Ochotonidae – Pikas

Like rabbits, these mountain-dwelling cuties, after eating, initially produce soft green feces, which they eat again

Pikas stand as a testament to the resilience and adaptability of mammals in some of the most challenging habitats on Earth. These diminutive creatures, often mistaken for rodents but closely related to rabbits and hares, are adapted to live in cold, alpine regions across Asia and North America. Their habitats are typically found above the tree line, where vegetation is sparse, and conditions are harsh due to low temperatures and thin air.

The common name “whistling hare” stems from one of the pika’s most notable behaviors: its high-pitched alarm call. This sharp whistle serves as a warning signal to other nearby pikas when a predator is near, prompting them to scurry into the safety of their burrows or rock crevices. This vocalization is a crucial adaptation for survival in their open, exposed habitats, where early detection of threats is essential.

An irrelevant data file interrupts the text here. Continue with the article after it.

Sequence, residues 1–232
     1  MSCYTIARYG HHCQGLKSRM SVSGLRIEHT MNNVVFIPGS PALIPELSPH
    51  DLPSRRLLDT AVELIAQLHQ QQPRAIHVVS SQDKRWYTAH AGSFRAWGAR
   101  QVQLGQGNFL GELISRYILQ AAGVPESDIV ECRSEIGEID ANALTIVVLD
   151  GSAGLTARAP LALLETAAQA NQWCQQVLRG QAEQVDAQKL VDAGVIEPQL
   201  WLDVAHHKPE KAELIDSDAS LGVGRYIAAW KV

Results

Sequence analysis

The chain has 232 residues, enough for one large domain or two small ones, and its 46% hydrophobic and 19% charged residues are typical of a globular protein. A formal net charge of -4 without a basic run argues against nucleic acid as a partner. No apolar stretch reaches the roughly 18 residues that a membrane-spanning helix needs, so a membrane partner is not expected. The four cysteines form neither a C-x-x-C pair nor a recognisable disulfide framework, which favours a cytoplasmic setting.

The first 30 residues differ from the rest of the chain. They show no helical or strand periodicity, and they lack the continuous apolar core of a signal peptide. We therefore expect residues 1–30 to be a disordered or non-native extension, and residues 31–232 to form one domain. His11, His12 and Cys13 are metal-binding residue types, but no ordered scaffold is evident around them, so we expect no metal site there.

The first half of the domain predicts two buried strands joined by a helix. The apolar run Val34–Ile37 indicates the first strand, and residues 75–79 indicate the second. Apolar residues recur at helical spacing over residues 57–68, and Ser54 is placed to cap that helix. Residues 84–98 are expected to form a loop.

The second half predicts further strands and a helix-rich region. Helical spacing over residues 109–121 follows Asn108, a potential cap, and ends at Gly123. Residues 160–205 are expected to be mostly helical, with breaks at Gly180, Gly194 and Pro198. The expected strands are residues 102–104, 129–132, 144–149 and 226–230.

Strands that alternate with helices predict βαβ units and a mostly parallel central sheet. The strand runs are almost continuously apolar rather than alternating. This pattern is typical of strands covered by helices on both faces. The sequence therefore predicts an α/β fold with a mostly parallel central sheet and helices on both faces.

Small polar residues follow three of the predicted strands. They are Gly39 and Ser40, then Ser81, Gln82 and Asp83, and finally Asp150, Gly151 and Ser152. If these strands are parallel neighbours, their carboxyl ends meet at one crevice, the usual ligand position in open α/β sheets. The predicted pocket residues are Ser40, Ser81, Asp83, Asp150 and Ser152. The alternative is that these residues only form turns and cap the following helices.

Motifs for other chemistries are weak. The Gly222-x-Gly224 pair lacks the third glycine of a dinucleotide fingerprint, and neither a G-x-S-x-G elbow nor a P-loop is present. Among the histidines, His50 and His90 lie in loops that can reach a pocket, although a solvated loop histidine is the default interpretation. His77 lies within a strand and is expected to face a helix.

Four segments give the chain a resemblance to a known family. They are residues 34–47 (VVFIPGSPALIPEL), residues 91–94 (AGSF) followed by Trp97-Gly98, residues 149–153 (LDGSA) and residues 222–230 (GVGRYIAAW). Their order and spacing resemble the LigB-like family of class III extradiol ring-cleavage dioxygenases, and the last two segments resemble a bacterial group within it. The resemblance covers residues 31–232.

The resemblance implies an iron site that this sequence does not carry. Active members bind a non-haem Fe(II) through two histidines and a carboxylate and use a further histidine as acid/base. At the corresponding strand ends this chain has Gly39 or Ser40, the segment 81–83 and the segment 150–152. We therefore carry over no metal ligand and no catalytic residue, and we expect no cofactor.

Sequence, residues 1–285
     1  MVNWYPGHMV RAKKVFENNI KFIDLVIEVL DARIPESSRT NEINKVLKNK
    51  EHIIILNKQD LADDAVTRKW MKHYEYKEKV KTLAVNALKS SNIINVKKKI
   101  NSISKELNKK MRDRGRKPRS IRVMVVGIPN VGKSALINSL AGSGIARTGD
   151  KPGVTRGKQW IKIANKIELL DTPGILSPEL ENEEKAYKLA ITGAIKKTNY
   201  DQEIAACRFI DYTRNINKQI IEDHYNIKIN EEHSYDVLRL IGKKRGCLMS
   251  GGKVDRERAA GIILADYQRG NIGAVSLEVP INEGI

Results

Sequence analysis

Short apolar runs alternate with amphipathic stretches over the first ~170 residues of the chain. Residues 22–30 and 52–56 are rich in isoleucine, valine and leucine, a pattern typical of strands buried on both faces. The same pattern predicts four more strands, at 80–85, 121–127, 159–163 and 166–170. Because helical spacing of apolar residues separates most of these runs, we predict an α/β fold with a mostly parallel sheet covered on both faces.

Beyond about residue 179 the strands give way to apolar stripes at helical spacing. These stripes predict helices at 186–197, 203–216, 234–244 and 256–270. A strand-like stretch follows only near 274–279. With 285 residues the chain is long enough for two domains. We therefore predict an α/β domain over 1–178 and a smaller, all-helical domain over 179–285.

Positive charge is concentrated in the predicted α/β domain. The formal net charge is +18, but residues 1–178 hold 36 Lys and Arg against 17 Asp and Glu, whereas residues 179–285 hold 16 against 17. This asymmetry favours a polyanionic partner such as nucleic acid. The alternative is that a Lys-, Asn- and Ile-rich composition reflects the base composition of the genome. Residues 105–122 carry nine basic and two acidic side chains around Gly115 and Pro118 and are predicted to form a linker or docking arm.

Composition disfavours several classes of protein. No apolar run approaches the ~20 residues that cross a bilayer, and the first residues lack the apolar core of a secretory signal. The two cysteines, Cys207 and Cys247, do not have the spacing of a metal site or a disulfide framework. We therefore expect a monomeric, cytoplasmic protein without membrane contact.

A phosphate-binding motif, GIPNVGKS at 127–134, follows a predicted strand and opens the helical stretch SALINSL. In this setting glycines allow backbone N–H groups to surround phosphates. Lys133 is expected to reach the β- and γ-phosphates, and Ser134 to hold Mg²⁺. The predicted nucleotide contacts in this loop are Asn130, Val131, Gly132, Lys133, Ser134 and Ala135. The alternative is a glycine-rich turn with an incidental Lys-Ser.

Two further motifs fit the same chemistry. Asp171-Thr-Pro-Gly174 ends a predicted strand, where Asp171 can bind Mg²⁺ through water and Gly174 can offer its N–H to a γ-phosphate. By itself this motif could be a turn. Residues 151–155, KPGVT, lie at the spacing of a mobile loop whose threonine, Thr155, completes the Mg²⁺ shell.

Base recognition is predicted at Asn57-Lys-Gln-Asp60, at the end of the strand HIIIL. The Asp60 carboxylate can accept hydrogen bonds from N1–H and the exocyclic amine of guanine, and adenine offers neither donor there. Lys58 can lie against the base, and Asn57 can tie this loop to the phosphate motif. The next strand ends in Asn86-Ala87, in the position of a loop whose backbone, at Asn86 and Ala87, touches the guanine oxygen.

Physically, pikas are characterized by compact, rounded bodies covered in dense, soft fur that provides insulation against the cold. Their fur color, ranging from grayish-brown to reddish, offers camouflage among the rocks and sparse vegetation of their alpine homes. Despite species diversity within the family, pikas maintain a relatively uniform appearance, with subtle differences in size and coloration.

Pikas are active foragers, collecting various plants, grasses, and flowers. They are well known for their behavior of creating “haypiles” during the warmer months, which serve as stored food to sustain them through the winter when the ground is covered in snow and food is scarce.

The conservation status of pikas is a growing concern, particularly due to the impacts of climate change. Pikas have a very low tolerance for high temperatures, which limits their ability to adapt to warming climates. As temperatures rise, pikas may be forced to move to higher elevations in search of suitable habitat, reducing their available living space and increasing the risk of population decline.